The Defense Advanced Research Projects Agency has awarded a $5.1 million contract to Kryptowire, for technology that can gather and aggregate smartphone sensor data. The Department of Defense hopes to deploy predictive analytics to track the health of U.S. service members with their phones.
The technology is being developed as part of DARPA's Warfighter Analytics using Smartphones for Health program, designed to provide real-time assessment of physiological signals, remotely monitor health, track medication adherence and detect physical impairment and illness.
"Currently, understanding and assessing the readiness of the warfighter involves medical intervention with the help of advanced equipment, such as electrocardiographs and other specialized medical devices, that are too expensive and cumbersome to employ continuously or without supervision in non-controlled environments," explained DARPA Program Manager Angelos Keromytis, MD.
"On the other hand, currently 92 percent of adults in the United States own a cell phone, which could be used as the basis for continuous, passive health, and readiness assessment," he said.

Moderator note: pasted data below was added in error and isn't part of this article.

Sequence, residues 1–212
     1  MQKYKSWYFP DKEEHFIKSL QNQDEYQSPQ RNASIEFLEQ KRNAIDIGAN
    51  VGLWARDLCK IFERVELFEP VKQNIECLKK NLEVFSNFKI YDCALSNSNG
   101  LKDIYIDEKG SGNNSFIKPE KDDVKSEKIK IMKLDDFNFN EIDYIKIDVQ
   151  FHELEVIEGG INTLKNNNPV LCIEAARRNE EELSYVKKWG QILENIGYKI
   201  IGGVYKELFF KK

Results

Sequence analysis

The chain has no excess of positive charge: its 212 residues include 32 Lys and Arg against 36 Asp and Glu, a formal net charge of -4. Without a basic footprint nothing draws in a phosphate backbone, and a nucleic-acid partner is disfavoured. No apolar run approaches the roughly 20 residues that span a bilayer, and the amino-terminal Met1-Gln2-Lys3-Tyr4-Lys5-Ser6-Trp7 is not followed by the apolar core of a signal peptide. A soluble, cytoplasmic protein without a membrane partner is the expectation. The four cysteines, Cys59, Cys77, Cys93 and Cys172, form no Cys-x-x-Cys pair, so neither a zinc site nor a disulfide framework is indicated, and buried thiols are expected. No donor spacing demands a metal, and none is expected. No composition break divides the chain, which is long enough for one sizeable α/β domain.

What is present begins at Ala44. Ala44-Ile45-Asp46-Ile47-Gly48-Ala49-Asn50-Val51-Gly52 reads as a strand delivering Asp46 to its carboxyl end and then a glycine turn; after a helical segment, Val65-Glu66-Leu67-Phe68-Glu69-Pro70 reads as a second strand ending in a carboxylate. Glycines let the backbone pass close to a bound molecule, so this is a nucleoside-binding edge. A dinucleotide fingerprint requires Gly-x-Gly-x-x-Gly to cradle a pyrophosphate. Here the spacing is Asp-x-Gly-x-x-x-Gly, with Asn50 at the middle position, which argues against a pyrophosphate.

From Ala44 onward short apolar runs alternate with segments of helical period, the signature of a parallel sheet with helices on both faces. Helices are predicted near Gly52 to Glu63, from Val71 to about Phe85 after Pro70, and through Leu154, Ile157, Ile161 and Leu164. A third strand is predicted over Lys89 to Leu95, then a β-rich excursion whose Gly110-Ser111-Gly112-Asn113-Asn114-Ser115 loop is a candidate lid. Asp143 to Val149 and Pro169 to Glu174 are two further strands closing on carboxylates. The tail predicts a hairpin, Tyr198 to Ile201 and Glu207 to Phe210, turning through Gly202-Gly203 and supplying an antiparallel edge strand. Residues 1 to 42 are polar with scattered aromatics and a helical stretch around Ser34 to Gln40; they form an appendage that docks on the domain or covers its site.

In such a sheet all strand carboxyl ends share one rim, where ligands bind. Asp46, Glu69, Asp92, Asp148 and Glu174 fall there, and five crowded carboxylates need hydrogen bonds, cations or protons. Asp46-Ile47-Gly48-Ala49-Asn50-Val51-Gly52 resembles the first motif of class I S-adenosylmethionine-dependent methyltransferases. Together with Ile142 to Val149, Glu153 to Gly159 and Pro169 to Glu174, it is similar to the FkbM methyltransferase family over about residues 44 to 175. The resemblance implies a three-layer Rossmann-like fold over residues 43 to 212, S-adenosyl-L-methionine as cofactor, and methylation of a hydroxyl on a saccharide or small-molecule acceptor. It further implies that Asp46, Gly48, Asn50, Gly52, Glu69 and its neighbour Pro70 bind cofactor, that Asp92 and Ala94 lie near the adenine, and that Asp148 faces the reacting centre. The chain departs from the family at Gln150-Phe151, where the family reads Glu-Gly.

Kryptowire, a Department of Homeland Security-funded startup that specializes in mobile app security, plans to develop a secure and context-aware tool to gather data collected from users' smartphones – during both everyday use and during clinical trials – to help improve health outcomes.
The company aims to enable data collection across both iOS and Android smartphones, enabling ease of deployment at scale, data anonymization, secure access control to device data, and transparent data collection, officials said.
Beyond just U.S. service members, the aim is to eventually develop this as a consumer-facing technology, offering a new way to detect health problems as early as possible.
"Our strategy is to leverage the full power of mobile to collect health metrics in all patient settings, for continuous monitoring, from clinic to home, and to build the ground truth from all available data, including smartphone sensors, clinical studies, medical examinations etc. for a better-informed, real-time approach to disease detection and biomarker identification," said Kryptowire CEO Angelos Stavrou.
But some observers are raising concerns that continuous monitoring via smartphones' sensors, cameras and microphones pose big privacy questions.
"If you're activating a microphone on someone's phone, that is going to raise a lot of alarms," Jay Stanley, senior policy analyst with the American Civil Liberties Union, told the Washington Post. "People don't want to feel like someone is listening in on their private life. That's going to have to be subject to tight controls."
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